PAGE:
Why Emile Hirsch's New Movie Son Reminds Him Of These Horror Classics - Exclusive

It's nighttime. You're in the sanctuary you call home and you just tucked your kid into bed. You're about to call it a night, when suddenly, you hear screams of sheer terror coming from their room. Your protective parental instincts kick into high gear as you race across the hall. When you open the bedroom door, you find a room filled with strangers, surrounding your unconscious child. The door slams as if closed by an unseen force — you can't get in. That's the heart-racing moment that sets things in motion for a single mother in Son, the new demonic horror film from writer-director Ivan Kavanagh, who recently helmed the stylish western thriller Never Grow Old.

Son follows an anguished mother named Laura (Andi Matichak) who will do anything to protect her eight-year-old son David (Luke David Blumm), even in extreme and often unholy circumstances that challenge her instincts as a parent. After the terrifying events involving the mysterious home invaders, David begins to exhibit extreme signs of illness, but his surreal dreams and sudden and unusual shifts in behavior hint that something far more sinister is at play. Was David inflicted with a virus, or are supernatural forces up to no good? That's the mystery Laura aims to solve, and the answers may lie in her murky and traumatic past — one she's been trying to escape all her life. One who aids her in unravelling the mystery is a local detective named Paul, played by Emile Hirsch, who you may recognize from films such as Once Upon a Time... In Hollywood, The Autopsy of Jane Doe, and Milk.

Hirsch recently played the lead role in the aforementioned Never Grow Old, but it wasn't just his good working relationship with Kavanagh that attracted him to Son. The page-turning script (also written by Kavanagh) reminded him of two very highly regarded horror classics. "I found the script for Son fascinating. It reminded me a little bit of movies from the past that I had really liked, such as Rosemary's Baby and The Exorcist," Hirsch told Looper during a recent exclusive interview. "[Ivan has] kind of elevated horror movies with this sort of family influence. And it was cool, because it was like my character was more of the supporting kind of good guy detective role, and just a simpler kind of low-key character, which I thought was cool because Never Grow Old was a little crazier. So, to get to play this lower key role was fun for me."

Emile Hirsch admires Andi Matichak's willingness go to some intense places

Son pairs Hirsch with actress Andi Matichak, who recently made a splash in 2018's Halloween when she played Allyson, the granddaughter of Laurie Strode (Jamie Lee Curtis). The film explores some truly disturbing themes and skin-crawling territory, such as Laura's links to a cultish pedophile ring. Hirsch commended Matichak, whose grounded performance proves that she can totally carry a film on her own. "I thought she was so awesome in the part. So much fun to work with," says Hirsch when asked about his experience with the actress. "We got along great. We had a great rapport. She's got a great sense of humor and she's super funny. I think her work is really great in the movie. She really went to some intense, intense places, and she's awesome. And Luke was great, too."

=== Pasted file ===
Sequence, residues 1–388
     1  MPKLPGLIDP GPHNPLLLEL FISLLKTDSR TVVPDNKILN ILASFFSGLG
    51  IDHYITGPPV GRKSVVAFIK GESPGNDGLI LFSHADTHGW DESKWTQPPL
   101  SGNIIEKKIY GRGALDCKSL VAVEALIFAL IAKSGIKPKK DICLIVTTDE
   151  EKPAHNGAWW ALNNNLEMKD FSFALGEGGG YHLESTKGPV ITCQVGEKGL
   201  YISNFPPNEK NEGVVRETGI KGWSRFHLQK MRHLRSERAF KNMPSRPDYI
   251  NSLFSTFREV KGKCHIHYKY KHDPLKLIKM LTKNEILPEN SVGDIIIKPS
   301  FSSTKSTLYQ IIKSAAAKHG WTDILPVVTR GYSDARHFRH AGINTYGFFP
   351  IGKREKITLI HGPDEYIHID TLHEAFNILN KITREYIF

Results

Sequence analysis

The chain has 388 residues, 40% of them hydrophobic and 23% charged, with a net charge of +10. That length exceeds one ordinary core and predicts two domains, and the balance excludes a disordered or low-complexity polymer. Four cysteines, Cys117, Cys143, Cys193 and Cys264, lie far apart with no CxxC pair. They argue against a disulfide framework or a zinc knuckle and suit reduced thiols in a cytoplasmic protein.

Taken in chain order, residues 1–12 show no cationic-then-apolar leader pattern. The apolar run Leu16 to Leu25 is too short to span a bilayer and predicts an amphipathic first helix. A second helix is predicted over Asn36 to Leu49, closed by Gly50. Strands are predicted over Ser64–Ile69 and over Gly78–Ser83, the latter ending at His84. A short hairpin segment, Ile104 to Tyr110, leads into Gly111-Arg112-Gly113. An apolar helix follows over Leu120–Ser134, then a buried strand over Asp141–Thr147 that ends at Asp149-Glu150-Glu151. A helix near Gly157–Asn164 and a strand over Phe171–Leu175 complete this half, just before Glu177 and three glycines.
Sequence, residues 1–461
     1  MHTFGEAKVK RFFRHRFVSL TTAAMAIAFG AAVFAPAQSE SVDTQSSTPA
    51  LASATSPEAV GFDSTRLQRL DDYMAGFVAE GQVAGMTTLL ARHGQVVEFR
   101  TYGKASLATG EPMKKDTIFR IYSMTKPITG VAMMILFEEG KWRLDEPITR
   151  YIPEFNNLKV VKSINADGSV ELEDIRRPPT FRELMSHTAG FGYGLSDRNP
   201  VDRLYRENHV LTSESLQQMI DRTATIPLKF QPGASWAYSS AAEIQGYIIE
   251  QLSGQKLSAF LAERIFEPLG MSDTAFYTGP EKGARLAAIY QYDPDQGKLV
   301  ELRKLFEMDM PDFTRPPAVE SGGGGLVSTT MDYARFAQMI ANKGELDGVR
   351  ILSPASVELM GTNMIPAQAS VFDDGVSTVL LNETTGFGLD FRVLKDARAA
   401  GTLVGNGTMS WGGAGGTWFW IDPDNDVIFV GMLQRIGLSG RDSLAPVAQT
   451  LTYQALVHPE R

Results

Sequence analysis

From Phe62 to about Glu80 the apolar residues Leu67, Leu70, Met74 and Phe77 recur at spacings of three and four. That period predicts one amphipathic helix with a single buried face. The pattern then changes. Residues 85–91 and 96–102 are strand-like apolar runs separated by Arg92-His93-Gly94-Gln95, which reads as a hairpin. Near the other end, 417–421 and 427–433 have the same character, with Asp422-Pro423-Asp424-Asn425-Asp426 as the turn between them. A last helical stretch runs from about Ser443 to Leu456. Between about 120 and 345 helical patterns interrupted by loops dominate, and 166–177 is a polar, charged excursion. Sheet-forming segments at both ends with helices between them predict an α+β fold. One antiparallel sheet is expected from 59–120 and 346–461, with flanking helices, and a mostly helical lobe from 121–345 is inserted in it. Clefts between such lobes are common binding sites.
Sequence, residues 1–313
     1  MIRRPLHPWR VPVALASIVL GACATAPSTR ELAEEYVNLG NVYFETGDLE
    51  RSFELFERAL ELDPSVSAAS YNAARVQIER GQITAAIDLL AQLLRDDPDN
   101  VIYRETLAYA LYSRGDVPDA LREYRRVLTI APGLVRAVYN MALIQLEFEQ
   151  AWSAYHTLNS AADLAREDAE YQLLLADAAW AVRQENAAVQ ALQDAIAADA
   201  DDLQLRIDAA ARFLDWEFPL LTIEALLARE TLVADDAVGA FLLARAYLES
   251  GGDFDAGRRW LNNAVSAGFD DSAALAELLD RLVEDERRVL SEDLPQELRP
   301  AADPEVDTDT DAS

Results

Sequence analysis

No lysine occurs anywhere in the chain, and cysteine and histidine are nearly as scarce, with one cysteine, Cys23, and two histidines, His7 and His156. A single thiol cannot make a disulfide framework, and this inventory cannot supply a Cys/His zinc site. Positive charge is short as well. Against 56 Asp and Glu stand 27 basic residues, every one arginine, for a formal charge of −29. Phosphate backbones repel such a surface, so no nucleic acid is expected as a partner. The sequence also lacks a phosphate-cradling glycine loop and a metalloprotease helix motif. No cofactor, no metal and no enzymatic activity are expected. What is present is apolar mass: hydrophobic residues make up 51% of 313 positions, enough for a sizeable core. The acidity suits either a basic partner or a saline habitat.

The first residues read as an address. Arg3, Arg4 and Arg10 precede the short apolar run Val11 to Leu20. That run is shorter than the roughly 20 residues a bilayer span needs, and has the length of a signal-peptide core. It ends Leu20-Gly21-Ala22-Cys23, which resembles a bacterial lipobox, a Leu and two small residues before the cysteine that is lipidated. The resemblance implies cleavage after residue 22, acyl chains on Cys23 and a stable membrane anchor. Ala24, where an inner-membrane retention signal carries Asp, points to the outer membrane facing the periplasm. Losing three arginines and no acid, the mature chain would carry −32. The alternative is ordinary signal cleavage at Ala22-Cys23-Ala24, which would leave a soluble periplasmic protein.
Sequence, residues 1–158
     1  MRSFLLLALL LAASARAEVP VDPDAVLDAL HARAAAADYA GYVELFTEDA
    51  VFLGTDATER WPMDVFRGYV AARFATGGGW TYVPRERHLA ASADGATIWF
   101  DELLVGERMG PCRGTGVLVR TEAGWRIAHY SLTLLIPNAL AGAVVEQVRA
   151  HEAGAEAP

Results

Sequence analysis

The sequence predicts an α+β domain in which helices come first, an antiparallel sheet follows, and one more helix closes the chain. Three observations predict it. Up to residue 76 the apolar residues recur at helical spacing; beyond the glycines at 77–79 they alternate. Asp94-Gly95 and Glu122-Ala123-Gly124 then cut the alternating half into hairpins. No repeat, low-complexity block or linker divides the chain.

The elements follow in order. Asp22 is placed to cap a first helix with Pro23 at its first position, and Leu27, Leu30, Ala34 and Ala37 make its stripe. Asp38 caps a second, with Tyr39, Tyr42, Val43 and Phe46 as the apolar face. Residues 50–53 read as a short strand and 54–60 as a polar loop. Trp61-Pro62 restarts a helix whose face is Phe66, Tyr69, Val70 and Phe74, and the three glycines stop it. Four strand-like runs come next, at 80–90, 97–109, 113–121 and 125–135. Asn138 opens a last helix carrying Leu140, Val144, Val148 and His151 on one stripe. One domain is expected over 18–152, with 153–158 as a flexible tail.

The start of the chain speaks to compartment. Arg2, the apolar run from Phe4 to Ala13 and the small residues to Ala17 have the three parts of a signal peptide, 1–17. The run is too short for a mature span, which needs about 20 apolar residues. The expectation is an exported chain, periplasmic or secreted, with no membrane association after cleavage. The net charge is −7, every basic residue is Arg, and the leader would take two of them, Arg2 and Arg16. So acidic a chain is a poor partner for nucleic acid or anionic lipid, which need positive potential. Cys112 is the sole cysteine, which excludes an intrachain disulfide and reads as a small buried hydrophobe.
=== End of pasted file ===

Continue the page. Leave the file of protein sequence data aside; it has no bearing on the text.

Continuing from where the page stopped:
Speaking of Luke David Blumm, we asked Hirsch about how he handles costarring alongside a such young actor in a hard R-rated movie, and whether or not his own paternal instincts ever kicked in on set. There are several moments in Son during which Blumm had to get up close and personal with entrails and partake in scenes that involve hyper-realistic blood and carnage. Hirsch has a real-life son of his own, so he understands the concern, but it turns out, Blumm's own father was always nearby. "His pops was always around on set, and a great guy. We've hung out since with my son. We went gold panning in the San Gabriel mountains. We actually had a blast. Luke is a really savvy kid and real smart," says Hirsch. "He's just a regular kid. It's like making a movie, when the mechanics of it are that broken down, if you watch it, it's scary. But if you make it piece by piece, it's very different, the way movies are made. He seemed fine. He seemed cool. He seemed like he really loved doing it. I think he had a blast."

Whether they're purely fictional or based on true events, horror films about demonic forces that plague mankind are certainly a recurring staple of the genre, but does the actor believe in the supernatural? We had to ask. "I don't really know. I'm kind of agnostic with that type of stuff," Hirsch explains. "I wouldn't want to tempt fate in that way, by being like, 'I do not believe it! Look, I'm going to spray all this holy water just to prove the point!' I'm not that guy. It's like every horror movie, there's the guy that does that, and then it's like the demon comes and gets him. No, I'm not really that way. But I don't know."

Son is now playing in theaters and available on demand.